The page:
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Discussion Starter #1
Last night I found that my headlights won't come on in either automatic or manual control. I do get an indication that the lights should be on. In daylight I find that the DRL's don't work either. I've checked all the fuses that are associated with such, all ok. Any thoughts?
 

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Any chance you have a wiring harness connector that is disconnected or loose? Has there been any recent maintenance or modification done to the car?

How sure are you about the fuses? There are numerous fuse panels and there may be multiple fuses that could affect this. Also, a fuse could be bad without looking like it is blown. It may be worth replacing the relevant fuses anyway or using a continuity tester on them as a simple/easy possible fix before pursuing harder fixes.

I am not sure what ground connections are relevant to the lights, but bad ground connections in general are very common electrical problems in cars. I would look into that next.
 

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Discussion Starter #3
I'm guessing it's a connector somewhere as well. The only connectors I can easily see are the ones at the headlights. I checked the fuses with a meter that had any mention of lights in the right/left/engine fuse blocks. I've got an appointment for service on Friday. I'll report back what they find. Thanks.
 

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What about the high beam headlights? Do the high beams come on or can you flash the high beams?
 

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Thanks. In the Gen 2 the low beam headlights are LEDs and the high beams are halogen bulbs.
 

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Discussion Starter #7
Well it turns out that both headlight bulbs burned out at roughly the same time. I took out the left headlight bulb(easy to get to) and ohm'd it out and it read open. I checked the voltage at the plug and got 14V. I was shocked at the cost of new bulbs ($35/ea). That's much better than a trip to Chevy Service Dept. and a $175 diagnostic plus parts. I'm glad I considered the possibility of both bulbs being bad.
 

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That doesn't explain why the DLRs don't work. But be aware that the DLRs turn off when you shift to Park, so it is not dead simple to check them alone.
 

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Discussion Starter #9
That doesn't explain why the DLRs don't work. But be aware that the DLRs turn off when you shift to Park, so it is not dead simple to check them alone.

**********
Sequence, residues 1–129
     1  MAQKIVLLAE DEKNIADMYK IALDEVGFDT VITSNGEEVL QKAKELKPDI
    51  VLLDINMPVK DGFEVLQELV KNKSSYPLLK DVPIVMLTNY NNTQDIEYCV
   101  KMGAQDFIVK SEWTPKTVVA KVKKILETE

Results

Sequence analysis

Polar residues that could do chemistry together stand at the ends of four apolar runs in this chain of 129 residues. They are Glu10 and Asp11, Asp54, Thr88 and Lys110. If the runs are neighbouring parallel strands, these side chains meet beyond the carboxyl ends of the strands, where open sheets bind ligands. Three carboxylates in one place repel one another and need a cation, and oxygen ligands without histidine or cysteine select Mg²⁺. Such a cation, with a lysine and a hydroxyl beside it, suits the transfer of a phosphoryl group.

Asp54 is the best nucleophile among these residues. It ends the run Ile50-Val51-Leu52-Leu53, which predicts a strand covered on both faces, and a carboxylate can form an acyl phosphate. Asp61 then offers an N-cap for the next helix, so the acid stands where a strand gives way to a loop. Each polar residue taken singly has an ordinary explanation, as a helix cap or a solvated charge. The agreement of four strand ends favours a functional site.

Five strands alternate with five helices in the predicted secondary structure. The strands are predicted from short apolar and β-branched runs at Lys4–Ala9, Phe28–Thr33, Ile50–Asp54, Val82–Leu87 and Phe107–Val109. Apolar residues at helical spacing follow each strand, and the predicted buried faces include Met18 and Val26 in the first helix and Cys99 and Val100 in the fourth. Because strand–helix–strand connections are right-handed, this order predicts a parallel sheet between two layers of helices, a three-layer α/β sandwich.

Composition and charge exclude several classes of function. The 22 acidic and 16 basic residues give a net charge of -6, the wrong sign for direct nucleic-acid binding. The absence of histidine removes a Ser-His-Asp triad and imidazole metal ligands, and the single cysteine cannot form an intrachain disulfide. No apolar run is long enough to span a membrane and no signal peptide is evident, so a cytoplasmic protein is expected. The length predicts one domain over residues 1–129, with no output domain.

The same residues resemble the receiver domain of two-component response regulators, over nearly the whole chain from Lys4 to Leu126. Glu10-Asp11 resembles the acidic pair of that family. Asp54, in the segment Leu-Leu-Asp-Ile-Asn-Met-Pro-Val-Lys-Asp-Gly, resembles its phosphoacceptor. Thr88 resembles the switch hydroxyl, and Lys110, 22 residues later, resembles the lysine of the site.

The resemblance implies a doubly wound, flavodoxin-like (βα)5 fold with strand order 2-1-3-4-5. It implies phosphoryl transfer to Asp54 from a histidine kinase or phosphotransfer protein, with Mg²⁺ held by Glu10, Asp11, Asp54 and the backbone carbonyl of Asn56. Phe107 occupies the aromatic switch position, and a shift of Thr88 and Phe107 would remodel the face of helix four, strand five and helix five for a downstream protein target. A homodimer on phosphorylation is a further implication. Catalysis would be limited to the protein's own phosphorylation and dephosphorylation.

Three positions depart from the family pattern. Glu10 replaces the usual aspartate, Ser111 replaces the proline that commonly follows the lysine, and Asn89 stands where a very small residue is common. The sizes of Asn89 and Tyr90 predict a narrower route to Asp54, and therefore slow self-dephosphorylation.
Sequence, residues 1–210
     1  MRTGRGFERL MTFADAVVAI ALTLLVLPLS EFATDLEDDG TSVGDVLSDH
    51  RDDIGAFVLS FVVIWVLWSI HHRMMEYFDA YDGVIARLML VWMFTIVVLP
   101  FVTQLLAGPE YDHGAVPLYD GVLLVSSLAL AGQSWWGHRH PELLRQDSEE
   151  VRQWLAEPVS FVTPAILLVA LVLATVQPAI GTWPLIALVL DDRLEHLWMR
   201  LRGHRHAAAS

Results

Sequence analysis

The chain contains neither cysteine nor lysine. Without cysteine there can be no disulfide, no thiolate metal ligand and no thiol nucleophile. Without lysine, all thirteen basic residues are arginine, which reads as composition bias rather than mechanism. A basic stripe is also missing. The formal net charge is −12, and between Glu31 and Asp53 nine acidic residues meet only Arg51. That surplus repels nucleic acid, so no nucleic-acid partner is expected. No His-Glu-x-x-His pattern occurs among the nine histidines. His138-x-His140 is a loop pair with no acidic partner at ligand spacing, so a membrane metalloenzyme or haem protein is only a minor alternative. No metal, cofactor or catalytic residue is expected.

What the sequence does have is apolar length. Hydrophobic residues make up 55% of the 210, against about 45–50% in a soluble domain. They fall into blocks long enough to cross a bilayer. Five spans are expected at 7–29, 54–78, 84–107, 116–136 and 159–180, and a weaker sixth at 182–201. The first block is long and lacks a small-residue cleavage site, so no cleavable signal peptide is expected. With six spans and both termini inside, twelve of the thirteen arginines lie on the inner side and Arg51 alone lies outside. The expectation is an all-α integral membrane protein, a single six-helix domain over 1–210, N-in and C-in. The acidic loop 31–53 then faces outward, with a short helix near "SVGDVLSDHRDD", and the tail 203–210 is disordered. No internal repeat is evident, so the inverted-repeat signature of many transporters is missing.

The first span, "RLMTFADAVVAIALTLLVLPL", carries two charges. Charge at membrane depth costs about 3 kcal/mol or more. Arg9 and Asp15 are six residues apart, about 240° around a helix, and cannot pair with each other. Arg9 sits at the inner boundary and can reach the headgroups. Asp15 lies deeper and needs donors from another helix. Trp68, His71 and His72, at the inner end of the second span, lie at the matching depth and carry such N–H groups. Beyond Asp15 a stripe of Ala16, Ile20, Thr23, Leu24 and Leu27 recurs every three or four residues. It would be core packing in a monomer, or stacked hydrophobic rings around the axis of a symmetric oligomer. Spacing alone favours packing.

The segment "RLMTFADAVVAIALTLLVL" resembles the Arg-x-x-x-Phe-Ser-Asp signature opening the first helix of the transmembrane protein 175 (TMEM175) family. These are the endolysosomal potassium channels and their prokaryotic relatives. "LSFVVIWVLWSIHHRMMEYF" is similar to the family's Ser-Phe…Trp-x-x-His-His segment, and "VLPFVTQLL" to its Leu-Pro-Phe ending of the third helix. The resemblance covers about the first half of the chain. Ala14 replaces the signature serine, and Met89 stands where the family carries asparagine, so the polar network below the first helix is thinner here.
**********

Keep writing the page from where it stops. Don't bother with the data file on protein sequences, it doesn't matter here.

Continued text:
DRL's were okay. I didn't realize they are off while in park. My wife drives the Volt so maybe she didn't notice a headlight out until the other one burned out as well.
 

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DRL's were okay. I didn't realize they are off while in park. My wife drives the Volt so maybe she didn't notice a headlight out until the other one burned out as well.
Plus, they're kind of SUPPOSED to burn out at the same time, absent a defect in only one of them. They're the same age, of the same design, probably made on the same production line at about the same time, were shipped by the same means to the same place, then installed at the same time, run for exactly the same number of hours in exactly the same conditions... It's only sloppiness that would make them fail at DIFFERENT times.
 

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Plus, they're kind of SUPPOSED to burn out at the same time, absent a defect in only one of them. They're the same age, of the same design, probably made on the same production line at about the same time, were shipped by the same means to the same place, then installed at the same time, run for exactly the same number of hours in exactly the same conditions... It's only sloppiness that would make them fail at DIFFERENT times.
That's like saying all four tires should blow out at once if one of them fails.
Deeply flawed supposition. Sounds good though.
 

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Plus, they're kind of SUPPOSED to burn out at the same time, absent a defect in only one of them. They're the same age, of the same design, probably made on the same production line at about the same time, were shipped by the same means to the same place, then installed at the same time, run for exactly the same number of hours in exactly the same conditions... It's only sloppiness that would make them fail at DIFFERENT times.
I always thought that the reason the second headlamp bulbs burns out soon after the first is a broken heart. Maybe when the first bulb fails there is a slight increase in voltage in the system, this stresses the already aged filament in the second bulb and it soon fails too.
 

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Reliability will have a variance tolerance. One bulb may (and likely will) fail before the other. The time between the two failing should fall within the variance tolerance. If both failed same day during daylight, they could have been 8 hours apart and you could easily have missed it.
 

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It's always been pretty typical that when one headlight bolt blows the other goes shortly thereafter.
 
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